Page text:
|Project by Gianni||posted 02-13-2014 04:02 AM||1111 views||1 time favorited||5 comments|
Was watching the olympics and realized I never posted a pic of these. This was one of my first woodworking projects and one of the things that sparked my interest in making stuff from wood. I was a bit of an audiophile, and a physics geek through high school and college, and have always liked playing with the equations for speaker building and trying to come up with designs. Through the years I have drawn up some pretty wierd stuff, so it’s a little strange that these are so traditional.
My goal was shattering effects when watching movies and first-rate sound for listening to music. To keep response flat to 20Hz, the sub cabinet would’ve had to be nearly 8ft tall, and I didn’t think I could sneak that by the wife as “normal,” even for me. I was able to keep a manageable size and only lose a little bit of the rock bottom: this cabinet and driver are flat to ~24Hz with about a 2.5dB rolloff at 20. The driver is a Dayton titanic iii with a 1000W plate amp mounted in the back.
The design cues for the sub, with the truncated octagon, were taken from the satellite pair. These are sealed cabinet 2-ways with a pair of Dayton 6.5” woofers and a Pioneer dome tweeter. Inside there is a 2-way passive crossover at around 3.5kHz at 12dB/octave. The cabinets are duodecagons (sp?), 12 sided polygons with elongated front/back. Each side has alternating oak and birch veneers, and the stain matches the coloring of my tv cabinet quite closely.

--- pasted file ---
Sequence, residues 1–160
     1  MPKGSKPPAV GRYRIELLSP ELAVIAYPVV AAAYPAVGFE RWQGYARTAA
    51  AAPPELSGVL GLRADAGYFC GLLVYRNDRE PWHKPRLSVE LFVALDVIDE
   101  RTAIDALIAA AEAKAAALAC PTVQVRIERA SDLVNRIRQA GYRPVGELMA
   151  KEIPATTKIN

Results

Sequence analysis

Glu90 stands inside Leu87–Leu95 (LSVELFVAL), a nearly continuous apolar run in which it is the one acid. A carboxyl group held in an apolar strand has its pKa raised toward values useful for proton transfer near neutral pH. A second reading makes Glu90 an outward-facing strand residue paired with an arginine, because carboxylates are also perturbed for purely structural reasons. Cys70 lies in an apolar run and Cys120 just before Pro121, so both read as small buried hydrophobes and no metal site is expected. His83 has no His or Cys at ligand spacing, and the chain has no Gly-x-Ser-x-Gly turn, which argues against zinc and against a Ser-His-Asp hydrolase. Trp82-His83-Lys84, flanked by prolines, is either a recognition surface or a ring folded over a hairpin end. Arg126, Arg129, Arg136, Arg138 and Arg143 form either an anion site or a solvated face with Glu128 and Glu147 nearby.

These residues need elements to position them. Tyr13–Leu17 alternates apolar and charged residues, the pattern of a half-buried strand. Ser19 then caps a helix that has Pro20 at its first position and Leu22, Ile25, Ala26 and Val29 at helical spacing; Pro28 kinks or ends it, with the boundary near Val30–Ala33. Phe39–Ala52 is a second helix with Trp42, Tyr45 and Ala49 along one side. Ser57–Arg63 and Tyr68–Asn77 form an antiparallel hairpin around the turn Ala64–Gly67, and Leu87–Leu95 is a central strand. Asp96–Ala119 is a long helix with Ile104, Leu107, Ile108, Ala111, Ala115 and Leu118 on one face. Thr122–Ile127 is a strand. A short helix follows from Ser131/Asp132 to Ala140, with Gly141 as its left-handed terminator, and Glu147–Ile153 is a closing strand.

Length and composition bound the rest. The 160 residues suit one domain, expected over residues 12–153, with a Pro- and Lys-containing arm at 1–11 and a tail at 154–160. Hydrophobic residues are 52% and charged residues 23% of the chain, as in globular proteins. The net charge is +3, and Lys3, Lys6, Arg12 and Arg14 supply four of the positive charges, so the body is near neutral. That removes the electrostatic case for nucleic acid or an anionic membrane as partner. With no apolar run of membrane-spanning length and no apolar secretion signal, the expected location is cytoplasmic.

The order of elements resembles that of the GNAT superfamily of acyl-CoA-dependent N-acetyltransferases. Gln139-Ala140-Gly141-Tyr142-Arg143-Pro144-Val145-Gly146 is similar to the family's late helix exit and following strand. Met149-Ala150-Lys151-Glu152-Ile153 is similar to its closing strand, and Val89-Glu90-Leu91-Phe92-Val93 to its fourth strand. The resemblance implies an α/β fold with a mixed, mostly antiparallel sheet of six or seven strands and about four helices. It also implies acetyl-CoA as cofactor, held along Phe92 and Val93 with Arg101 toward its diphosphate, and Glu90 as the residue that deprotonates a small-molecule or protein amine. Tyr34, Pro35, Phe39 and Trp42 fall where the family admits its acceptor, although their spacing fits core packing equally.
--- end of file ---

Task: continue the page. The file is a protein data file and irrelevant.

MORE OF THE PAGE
The sub and satellite cabinets were constructed using mdf, because of it’s audio properties. The main cabinets were veneered and then solid oak tops and bottoms were added, along with mitered decorative mouldings to help break the large vertical surface of the sub. The satellites are in the 15-20lb range, being 1/2” mdf with bracing and damping. The sub is probably close to 150+ lbs, being made from 3/4 mdf, braced every which-way internally, lined with around 3-inch thick damping, plus the driver itself is probably over 20lbs, and the amp’s heat sink.
The gloss black grills are also mdf. They are removable, though I don’t think they have been off since moving them in the house.
I have been extremely happy with the looks, but the sound is spectacular. I did have to add felt pads to all the pictures and clocks and anything that hangs on the walls in the living room and kitchen, especially when playing 80’s hair metal or Grateful Dead (strange combo, yes, but again… “normal” is for posers). Whe listening to TV, they provide a solid, uniform sound without the rolloff at the bottom. Not “boomy” but there is a lot of sound on tv that you never realize is there.
Thanks for looking.